• The N40 and the SR5 came exclusively with the 2.0-litre 18R engine (63 kW, 140 Nm) paired to a 4-speed manual gearbox. In 1983, the gearbox for the SR5 was replaced by a 4-speed automatic transmission. 
  • The N30 was powered by the same 1.6-litre 2R engine from 1978 to 1980. 
  • The N30 would receive a new engine, a 2.2-litre 20R diesel engine (46 kW, 126 Nm) paired to a 4-speed manual gearbox in 1980.
  • The N40 would receive another option in 1983, a 2.4L 22R diesel engine (55 kW, 156 Nm) mated to a 5-speed manual gearbox. 

Fourth Generation: N50, N60, N70 (1983-1988) 

The fourth-generation Toyota Hilux tagged N50, N60 and N70 featured major facelifts that included performance modifications. One major feature of the generation was the Xtracab, which offered an extension option for the cab of up to six inches of space behind the seat of the in-cab storage. Australia received double-cab or 4-door pickup body styles for the 4x4 Hilux. 

Other notable modifications for the fourth generation included a new grille and front one-piece bumper and more streamlined outer doors. The interior had full high door panels with faux leather stitching on the base, as well as matching colour modifications on the steering wheel and the rest of the car interior.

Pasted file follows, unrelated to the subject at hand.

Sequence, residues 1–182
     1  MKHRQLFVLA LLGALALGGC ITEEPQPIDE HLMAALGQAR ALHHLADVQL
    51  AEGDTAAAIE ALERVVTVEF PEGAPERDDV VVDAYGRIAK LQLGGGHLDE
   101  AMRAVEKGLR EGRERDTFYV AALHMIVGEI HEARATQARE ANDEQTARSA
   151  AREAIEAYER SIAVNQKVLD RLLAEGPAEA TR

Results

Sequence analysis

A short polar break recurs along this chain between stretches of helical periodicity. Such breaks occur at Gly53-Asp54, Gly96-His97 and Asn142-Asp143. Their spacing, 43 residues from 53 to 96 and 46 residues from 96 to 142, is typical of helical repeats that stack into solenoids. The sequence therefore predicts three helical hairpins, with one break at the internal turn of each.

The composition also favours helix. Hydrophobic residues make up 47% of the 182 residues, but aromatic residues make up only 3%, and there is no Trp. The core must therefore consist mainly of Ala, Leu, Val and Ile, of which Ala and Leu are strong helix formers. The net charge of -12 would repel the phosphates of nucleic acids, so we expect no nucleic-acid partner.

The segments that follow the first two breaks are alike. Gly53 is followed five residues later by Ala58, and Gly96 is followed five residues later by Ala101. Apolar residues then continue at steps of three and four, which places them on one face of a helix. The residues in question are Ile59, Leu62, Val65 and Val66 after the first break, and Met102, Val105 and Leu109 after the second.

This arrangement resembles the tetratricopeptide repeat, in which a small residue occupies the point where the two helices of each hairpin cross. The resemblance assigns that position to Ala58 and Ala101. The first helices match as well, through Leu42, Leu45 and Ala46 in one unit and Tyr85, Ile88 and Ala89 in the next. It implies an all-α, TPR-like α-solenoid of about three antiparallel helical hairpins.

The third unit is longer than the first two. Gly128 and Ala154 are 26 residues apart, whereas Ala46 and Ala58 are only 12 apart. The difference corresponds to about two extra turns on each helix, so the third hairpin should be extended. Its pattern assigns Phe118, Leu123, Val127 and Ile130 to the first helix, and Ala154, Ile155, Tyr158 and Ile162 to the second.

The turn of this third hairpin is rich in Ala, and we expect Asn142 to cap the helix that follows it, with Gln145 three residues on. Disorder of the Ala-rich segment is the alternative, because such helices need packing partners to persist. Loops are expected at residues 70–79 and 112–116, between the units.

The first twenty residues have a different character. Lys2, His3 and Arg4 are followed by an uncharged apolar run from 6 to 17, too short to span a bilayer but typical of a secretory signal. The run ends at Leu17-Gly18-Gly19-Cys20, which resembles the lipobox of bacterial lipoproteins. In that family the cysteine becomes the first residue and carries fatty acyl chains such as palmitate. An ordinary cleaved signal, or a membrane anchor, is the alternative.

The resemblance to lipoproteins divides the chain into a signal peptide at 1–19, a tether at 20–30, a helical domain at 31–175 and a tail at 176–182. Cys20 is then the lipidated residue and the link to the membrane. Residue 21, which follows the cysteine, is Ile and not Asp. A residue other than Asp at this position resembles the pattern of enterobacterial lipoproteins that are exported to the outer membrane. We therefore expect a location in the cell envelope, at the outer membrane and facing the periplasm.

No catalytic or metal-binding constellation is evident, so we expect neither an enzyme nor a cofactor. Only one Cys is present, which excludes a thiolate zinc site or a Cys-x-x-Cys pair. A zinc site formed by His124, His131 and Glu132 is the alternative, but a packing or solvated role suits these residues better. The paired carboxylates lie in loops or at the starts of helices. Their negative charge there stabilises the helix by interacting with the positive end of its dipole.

In 1986, the solid front axle was exchanged for an independent front suspension bar framework for the 4x4 variant. 

This generation used this range of powertrains:

  • 2.0L inline-4 petrol engine (65 kW, 157 Nm), 5-speed manual gearbox
  • 2.2L inline-4 petrol engine (69 kW, 179 Nm), 5-speed manual gearbox
  • 2.4L inline-4 diesel engine (55 kW, 156 Nm), 5-speed manual or 4-speed auto
  • 1.8L inline-4 petrol engine (58 kW, 140 Nm), 4-speed manual gearbox
  • 2.8L inline-4 diesel engine (60 kW, 183 Nm), 5-speed manual gearbox

Fifth Generation: N80, N90, N100, N110 (1988-1997) 

The fifth-generation of the Toyota Hilux featured more emphasis on the size, which made it more efficient as a pickup truck. Its wheelbase grew by 480 mm compared to the previous regular pickup. It had eliminated the rust-prone seams on its one-piece cargo-box walls. The Xtracabs offered more room at the back of the front seats, allowing space for a jump seat for rear passengers. These modifications earned the Xtracab SR5 model the Motor Trend Magazine's Truck of the Year award. 

The available powertrains were: 

  • 1.8L petrol engine (58 kW, 140 Nm) 
  • 2.4L petrol engine (81 kW, 185 Nm) 
  • 3.0L diesel engine (65 kW, 197 Nm)